Logically, I don't think anyone expects the series to maintain a fractured storyline forever, right? Right. The only way to resolve this self-imposed storytelling device is to bring everyone - or at least some of the characters - back together, and the writers do very little to mask this telegraph. So I didn't find myself asking what would happen, but more or less how it would happen. Sort of a clunky way to move things away from the prison, but it works. And hey, you could argue one of the season's themes is that a glimmer of hope can exist in even the darkest depths of reality... but I think that's a bit of a stretch. This is The Walking Dead, after all. My second complaint? I'm okay with how everything played out, but the finale was too anticlimactic for my liking.

But as I said, this experiment paid off more than it didn't. The 4th season of The Walking Dead packages gobs of warmth, drama, suspense and horror, and it's all been ribboned with matured writing and solid acting. As far for the latter, I think Andrew Lincoln, Scott Wilson and Melissa McBride - Rick, Hershel and Carol, respectively - stole the show. That said, I'm not trying to diminish the performances put forth by Norman Reedus, Steven Yeun, Lauren Cohan, Danai Gurira and Chad Coleman - Daryl, Glenn, Maggie, Michonne and Tyreese - because they were better than ever. On the flip side of the coin, I didn't see much growth from Chandler Riggs (Carl), and although Emily Kinney (Beth) had more screen time this season, I never ‘felt' what she was attempting to convey. The only performance that really pulled me out of the moment, however, was that of Brighton Sharbino (as Lizzie). I don't want to spoil what rubbed me the wrong way, but her performance was - and I hate to say it - eye-wincing at times. She's young yet, so I hope time will bring the experience she needs to sharpen her skills.

Of course, not every show is perfect, and as I stated at the beginning of this review, neither is The Walking Dead. But despite its flaws, I still find myself biting my nails, jumping in my seat, crying, and even laughing… sometimes all in the same episode. Television doesn't get much more compelling than this. In short - If you've been burned out by zombie-mania or the direction the series had taken the year before… don't stop now. Things get very tense, very quick, and the writers do everything in their power to manipulate your emotions every step of the way… and with the culmination of their talent and that of the talented cast… they've succeeded.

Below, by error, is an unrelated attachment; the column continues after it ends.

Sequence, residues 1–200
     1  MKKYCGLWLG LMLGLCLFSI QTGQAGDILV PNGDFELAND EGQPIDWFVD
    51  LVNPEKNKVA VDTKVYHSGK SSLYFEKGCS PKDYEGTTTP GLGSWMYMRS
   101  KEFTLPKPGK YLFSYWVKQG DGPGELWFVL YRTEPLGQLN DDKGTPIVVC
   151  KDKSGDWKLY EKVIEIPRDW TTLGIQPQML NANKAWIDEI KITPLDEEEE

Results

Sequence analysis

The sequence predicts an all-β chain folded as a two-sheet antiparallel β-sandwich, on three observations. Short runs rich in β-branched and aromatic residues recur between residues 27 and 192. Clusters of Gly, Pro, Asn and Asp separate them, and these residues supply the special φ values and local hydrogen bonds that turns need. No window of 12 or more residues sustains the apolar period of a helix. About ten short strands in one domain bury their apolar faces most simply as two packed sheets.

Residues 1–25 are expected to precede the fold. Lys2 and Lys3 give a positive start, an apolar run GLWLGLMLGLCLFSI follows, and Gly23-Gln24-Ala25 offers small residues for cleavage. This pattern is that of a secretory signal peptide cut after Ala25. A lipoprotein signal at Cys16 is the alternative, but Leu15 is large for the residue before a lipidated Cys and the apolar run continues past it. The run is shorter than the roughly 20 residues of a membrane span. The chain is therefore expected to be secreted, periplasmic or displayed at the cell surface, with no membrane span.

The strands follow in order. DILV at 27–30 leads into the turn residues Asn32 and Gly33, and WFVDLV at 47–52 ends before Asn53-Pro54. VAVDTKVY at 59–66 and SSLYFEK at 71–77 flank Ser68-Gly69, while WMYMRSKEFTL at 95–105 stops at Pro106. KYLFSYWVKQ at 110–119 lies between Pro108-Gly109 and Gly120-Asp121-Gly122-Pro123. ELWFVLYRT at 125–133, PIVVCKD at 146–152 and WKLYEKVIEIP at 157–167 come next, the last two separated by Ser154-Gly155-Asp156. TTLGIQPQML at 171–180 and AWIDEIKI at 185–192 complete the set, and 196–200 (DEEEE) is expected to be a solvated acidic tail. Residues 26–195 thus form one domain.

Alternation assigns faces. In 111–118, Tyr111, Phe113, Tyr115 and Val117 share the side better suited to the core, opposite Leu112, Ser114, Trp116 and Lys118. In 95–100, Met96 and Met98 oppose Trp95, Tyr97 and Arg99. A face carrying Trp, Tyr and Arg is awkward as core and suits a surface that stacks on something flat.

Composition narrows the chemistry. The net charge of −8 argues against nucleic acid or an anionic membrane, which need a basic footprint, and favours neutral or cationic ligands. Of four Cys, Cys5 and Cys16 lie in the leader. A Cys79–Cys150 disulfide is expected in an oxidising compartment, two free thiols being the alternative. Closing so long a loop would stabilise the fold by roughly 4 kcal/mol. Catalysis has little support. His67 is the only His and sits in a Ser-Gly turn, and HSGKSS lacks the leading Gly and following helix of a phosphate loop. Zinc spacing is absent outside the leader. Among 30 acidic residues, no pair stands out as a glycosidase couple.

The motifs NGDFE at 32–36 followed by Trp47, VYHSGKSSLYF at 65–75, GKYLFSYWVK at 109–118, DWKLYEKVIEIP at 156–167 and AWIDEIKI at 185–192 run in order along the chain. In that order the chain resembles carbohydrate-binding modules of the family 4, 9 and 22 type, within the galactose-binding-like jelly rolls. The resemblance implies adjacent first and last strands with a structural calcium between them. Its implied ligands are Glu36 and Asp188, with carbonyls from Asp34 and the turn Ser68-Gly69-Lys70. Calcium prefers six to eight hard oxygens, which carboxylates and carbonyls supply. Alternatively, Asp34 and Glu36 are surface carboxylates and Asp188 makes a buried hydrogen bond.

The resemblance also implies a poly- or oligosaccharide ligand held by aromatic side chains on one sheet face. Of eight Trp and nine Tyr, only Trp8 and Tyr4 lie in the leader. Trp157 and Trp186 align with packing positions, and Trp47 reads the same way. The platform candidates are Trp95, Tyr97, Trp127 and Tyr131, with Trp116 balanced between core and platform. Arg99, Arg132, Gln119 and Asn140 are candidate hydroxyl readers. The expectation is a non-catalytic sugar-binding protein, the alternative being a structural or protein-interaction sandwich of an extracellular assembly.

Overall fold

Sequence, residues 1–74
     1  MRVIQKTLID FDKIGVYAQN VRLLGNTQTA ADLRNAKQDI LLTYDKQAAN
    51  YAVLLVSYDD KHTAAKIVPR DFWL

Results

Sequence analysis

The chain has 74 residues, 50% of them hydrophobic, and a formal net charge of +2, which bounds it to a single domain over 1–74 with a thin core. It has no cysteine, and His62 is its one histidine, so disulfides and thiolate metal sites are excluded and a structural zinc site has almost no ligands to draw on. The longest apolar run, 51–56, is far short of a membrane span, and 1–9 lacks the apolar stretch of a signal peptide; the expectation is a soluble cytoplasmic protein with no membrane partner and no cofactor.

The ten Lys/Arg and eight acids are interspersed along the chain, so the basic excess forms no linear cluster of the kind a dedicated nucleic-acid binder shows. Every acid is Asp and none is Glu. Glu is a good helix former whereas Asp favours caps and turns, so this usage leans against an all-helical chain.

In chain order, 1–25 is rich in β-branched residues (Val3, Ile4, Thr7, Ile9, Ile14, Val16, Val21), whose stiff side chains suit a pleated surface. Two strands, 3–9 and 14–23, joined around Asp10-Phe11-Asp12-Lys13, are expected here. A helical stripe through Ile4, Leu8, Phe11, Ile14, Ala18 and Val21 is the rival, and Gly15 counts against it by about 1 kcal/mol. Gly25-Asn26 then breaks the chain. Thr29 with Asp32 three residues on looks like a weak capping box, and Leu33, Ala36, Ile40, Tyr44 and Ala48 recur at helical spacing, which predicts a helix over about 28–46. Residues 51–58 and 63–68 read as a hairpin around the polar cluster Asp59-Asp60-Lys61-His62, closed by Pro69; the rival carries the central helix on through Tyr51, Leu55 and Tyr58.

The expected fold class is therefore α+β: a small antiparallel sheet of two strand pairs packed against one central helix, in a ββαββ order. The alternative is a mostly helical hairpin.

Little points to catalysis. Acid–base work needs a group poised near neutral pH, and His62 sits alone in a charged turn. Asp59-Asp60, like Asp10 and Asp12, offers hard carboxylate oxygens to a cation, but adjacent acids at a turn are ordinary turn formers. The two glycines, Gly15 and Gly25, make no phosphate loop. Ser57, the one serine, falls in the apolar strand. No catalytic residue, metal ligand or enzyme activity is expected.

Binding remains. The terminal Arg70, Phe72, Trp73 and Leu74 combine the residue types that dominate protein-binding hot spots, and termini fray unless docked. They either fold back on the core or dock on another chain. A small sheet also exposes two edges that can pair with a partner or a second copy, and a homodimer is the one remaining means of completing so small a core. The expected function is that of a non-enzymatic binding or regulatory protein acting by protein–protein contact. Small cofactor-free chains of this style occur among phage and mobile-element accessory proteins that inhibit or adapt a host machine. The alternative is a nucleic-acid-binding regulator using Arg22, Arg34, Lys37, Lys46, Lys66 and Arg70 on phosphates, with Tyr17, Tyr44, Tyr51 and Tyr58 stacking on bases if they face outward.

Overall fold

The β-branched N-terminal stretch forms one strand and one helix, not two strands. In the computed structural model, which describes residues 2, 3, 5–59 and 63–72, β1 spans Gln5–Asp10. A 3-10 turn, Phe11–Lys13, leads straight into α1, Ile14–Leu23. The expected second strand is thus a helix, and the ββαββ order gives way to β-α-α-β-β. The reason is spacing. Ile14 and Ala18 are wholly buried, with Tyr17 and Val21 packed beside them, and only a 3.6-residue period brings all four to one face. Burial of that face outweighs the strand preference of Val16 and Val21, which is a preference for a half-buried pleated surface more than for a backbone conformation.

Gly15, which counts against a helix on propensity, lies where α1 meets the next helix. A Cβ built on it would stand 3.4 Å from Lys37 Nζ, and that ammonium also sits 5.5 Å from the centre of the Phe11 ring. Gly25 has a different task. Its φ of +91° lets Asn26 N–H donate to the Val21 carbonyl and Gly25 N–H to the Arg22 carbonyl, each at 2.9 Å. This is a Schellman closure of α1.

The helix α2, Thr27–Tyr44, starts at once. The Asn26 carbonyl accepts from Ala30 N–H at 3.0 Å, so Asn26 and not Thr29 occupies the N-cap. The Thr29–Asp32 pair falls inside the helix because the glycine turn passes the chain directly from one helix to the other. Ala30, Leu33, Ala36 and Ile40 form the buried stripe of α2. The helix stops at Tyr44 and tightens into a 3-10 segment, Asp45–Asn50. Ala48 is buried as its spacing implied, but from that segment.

Video


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The Walking Dead - The Complete Fourth Season doesn't shuffle and shamble to Blu-ray (AVC codec, 1.78:1, 1080p)… it sprints with confidence. As a matter of fact, it was like I was watching these episodes for the first time. The show is shot via 16mm, yet none of that grit the grain provides seems to make a statement at the time of airing. On Blu-ray however, The Walking Dead retains the grimy look it had been envisioned with, and in an essentially flawless presentation, otherwise. Detail is immaculate, the image has a natural sharpness to it, black levels are solid and contrast is great... it really doesn't get much better than this. You're going to find color palettes are muted a bit, but that's intentionally done to add to the bleak nature of the show. A stellar presentation after all is said and done... but then again, if you've been collecting this series on Blu-ray already, this isn't a surprise.


Audio